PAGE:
133. 133.

    Kanisza G: Organization in Vision. Holt, Rinehart and Winston, New York, NY, USA; 1979.

    Google Scholar 

  134. 134.

    Palmer SE, Brooks JL, Nelson R: When does grouping happen? Acta Psychologica 2003,114(3):311-330. 10.1016/j.actpsy.2003.06.003

    Google Scholar 

  135. 135.

    Hess R, Field D: Integration of contours: new insights. Trends in Cognitive Sciences 1999,3(12):480-486. 10.1016/S1364-6613(99)01410-2

    Google Scholar 

  136. 136.

    Dakin SC, Herbert AM: The spatial region of integration for visual symmetry detection. Proceedings of the Royal Society B: Biological Sciences 1998,265(1397):659-664. 10.1098/rspb.1998.0344

    Google Scholar 

  137. 137.

    Dakin SC, Hess RF: The spatial mechanisms mediating symmetry perception. Vision Research 1997,37(20):2915-2930. 10.1016/S0042-6989(97)00031-X

    Google Scholar 

  138. 138.

    Dakin SC, Watt RJ: Detection of bilateral symmetry using spatial filters. Spatial Vision 1994,8(4):393-413. 10.1163/156856894X00071

    Google Scholar 

  139. 139.

    Di Gesù V, Valenti C: Symmetry operators in computer vision. Vistas in Astronomy 1996,40(4):461-468. 10.1016/S0083-6656(96)00030-X

    Google Scholar 

  140. 140.

    Rom H, Medioni G: Hierarchical decomposition and axial shape description. IEEE Transactions on Pattern Analysis and Machine Intelligence 1993,15(10):973-981. 10.1109/34.254054

    Google Scholar 

  141. 141.

    Kimia BB: On the role of medial geometry in human vision. Journal of Physiology-Paris 2003,97(2-3):155-190. 10.1016/j.jphysparis.2003.09.003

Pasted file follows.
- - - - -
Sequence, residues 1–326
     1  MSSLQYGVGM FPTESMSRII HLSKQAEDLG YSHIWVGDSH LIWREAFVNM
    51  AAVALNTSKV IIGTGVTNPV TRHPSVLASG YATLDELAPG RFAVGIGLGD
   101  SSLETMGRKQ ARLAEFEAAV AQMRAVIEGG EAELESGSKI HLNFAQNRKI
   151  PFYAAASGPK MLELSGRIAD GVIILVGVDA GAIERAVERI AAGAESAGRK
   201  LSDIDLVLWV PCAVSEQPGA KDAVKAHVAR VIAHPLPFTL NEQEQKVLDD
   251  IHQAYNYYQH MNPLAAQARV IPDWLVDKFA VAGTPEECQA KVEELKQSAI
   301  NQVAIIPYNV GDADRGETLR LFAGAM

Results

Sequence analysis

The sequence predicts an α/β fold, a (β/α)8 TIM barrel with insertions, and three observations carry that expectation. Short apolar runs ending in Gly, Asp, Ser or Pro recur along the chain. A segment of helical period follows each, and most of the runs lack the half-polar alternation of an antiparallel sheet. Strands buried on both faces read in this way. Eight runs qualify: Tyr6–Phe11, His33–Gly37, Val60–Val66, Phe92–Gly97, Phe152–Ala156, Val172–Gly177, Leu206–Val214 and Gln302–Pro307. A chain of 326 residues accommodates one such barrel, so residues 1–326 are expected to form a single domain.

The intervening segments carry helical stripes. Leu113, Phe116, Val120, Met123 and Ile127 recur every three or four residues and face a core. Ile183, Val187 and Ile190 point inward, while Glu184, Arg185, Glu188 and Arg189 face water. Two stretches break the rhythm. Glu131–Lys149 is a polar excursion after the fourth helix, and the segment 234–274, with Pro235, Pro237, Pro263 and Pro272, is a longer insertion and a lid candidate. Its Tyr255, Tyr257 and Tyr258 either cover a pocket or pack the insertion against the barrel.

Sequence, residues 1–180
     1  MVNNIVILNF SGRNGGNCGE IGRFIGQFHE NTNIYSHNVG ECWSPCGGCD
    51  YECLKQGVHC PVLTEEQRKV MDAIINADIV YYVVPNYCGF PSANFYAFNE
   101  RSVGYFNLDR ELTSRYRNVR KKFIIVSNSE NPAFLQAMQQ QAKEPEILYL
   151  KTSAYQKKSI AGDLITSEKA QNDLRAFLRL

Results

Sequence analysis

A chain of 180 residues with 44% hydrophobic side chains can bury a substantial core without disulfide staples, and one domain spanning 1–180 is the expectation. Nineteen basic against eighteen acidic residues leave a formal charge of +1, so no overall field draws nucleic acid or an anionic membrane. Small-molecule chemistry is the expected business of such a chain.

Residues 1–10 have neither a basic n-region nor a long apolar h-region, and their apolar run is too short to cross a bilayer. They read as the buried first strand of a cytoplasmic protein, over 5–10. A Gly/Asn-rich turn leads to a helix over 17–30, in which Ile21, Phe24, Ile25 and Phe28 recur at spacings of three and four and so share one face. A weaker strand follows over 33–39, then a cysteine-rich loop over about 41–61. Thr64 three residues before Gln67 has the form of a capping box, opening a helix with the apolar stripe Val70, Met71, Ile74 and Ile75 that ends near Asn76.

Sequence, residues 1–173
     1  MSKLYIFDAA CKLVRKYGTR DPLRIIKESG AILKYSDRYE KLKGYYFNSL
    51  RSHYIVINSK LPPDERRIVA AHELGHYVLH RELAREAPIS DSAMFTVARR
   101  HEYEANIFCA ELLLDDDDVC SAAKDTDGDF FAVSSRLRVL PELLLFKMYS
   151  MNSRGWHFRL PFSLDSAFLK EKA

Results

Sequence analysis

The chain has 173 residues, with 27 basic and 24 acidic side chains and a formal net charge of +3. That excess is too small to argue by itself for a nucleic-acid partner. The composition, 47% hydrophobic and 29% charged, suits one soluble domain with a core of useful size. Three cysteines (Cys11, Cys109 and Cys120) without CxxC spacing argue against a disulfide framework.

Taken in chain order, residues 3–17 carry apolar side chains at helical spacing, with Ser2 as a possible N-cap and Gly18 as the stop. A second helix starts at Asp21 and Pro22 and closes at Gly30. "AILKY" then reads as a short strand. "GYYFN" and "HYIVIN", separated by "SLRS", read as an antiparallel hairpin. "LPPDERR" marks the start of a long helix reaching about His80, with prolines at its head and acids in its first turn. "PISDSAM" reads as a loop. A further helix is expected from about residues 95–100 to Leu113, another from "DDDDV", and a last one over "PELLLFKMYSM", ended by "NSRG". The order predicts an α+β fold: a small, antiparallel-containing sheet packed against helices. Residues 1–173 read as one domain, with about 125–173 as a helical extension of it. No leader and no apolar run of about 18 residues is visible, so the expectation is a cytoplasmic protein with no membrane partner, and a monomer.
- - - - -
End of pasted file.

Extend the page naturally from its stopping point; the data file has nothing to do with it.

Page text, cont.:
Google Scholar 

  142. 142.

    Gonzalez RC, Woods RE: Digital Image Processing. Addison-Wesley, Reading, Mass, USA; 1992.

    Google Scholar 

  143. 143.

    Matheron G: Eléments pour une Théorie des Milieux Poreux. Masson, Paris, France; 1967.

    Google Scholar 

  144. 144.

    Soille P: Morphological Image Analysis. Principles and Applications. Springer, New York, NY, USA; 2003.

    Google Scholar 

  145. 145.

    Serra J: Image Analysis and Mathematical Morphology: Vol. 2: Theoretical Advances. Academic Press, London, UK; 1988.

    Google Scholar 

  146. 146.

    Charif-Chefchaouni M, Schonfeld D: Spatially-variant mathematical morphology. Proceedings of IEEE International Conference Image Processing (ICIP '94), November 1994, Austin, Tex, USA 2: 555–559.

    MATH  Google Scholar 

  147. 147.